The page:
An image of Saturn’s small moon, Epimetheus (epp-ee-MEE-thee-uss), was captured by the Cassini spacecraft in the closest view ever taken of the pockmarked body.
Epimetheus is irregularly shaped and dotted with soft-edged craters. The many large, softened craters on Epimetheus indicate a surface that is several billion years old. The moon shares an orbit with another of Saturn’s small moons, Janus. The two dance in a planetary tango as they move in almost identical orbits, exchanging orbits every four years, instead of colliding. Both play a role in creating intricate waves in Saturn’s rings; both have densities significantly lower than that of solid ice, suggesting they may be "rubble piles" held together by gravity.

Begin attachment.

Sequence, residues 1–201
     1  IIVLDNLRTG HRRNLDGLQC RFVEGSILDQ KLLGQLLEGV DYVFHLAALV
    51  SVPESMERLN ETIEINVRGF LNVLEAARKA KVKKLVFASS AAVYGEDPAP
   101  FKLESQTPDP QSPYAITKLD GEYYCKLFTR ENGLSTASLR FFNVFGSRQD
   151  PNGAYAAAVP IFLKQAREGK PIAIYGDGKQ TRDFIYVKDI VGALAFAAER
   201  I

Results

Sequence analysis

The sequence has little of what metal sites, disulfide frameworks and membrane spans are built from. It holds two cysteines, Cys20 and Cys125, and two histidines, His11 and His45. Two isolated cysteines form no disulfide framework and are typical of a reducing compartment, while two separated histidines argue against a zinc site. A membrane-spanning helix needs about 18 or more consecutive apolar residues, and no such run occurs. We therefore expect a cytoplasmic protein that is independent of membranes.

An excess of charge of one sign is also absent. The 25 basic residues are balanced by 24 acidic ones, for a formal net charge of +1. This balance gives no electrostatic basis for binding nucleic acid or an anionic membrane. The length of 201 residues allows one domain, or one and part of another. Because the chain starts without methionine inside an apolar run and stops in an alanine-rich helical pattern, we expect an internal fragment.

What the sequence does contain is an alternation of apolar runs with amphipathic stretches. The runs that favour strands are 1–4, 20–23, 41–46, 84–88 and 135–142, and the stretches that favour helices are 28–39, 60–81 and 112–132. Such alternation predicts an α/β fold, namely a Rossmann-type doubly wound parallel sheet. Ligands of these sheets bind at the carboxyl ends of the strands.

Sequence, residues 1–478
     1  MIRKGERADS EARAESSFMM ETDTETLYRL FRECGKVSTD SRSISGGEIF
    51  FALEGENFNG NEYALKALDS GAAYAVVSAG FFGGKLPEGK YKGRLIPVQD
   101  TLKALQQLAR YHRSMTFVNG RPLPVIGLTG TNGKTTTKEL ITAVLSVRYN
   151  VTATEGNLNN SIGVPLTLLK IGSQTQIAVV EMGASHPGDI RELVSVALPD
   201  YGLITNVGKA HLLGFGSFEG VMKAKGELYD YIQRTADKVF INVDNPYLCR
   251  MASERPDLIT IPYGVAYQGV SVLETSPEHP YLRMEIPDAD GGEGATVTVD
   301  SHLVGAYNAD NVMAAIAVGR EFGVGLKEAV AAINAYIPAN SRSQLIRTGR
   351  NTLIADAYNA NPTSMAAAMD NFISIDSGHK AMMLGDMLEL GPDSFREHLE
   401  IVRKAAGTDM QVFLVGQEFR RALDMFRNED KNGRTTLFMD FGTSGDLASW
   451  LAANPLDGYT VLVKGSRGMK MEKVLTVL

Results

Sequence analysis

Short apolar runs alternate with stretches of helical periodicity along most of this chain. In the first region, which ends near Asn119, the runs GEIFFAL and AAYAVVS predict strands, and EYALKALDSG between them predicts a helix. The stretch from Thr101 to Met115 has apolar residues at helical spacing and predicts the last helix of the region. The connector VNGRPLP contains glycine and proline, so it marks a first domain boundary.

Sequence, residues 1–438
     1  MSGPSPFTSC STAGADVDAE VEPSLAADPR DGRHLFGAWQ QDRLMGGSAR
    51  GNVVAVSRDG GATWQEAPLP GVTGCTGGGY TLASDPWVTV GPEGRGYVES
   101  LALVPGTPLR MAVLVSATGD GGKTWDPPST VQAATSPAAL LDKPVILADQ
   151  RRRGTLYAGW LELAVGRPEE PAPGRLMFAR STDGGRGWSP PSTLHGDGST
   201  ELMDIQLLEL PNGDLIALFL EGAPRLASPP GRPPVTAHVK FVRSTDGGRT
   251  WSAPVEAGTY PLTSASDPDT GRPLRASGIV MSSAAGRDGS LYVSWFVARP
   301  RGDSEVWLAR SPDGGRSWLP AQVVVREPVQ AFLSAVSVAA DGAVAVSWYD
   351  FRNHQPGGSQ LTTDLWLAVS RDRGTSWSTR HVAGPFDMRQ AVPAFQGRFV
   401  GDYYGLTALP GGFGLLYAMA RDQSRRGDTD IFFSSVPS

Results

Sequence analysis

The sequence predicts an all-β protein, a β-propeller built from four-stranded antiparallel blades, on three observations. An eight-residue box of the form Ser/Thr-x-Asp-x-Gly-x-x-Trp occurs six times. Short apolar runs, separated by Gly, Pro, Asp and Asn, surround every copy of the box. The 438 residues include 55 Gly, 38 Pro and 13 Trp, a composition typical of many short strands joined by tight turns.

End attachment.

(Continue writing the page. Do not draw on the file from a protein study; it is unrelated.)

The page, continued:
At 116 kilometers (72 miles) across, Epimetheus is slightly smaller than Janus at 181 kilometers (113 miles) across. Spectra of Epimetheus from the Cassini visual infrared mapping spectrometer indicate that the moon is mostly water ice.
Preston Dyches | EurekAlert!
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In a paper in Scientific Reports, a research team at Worcester Polytechnic Institute describes a novel light-activated phenomenon that could become the basis for applications as diverse as microscopic robotic grippers and more efficient solar cells.
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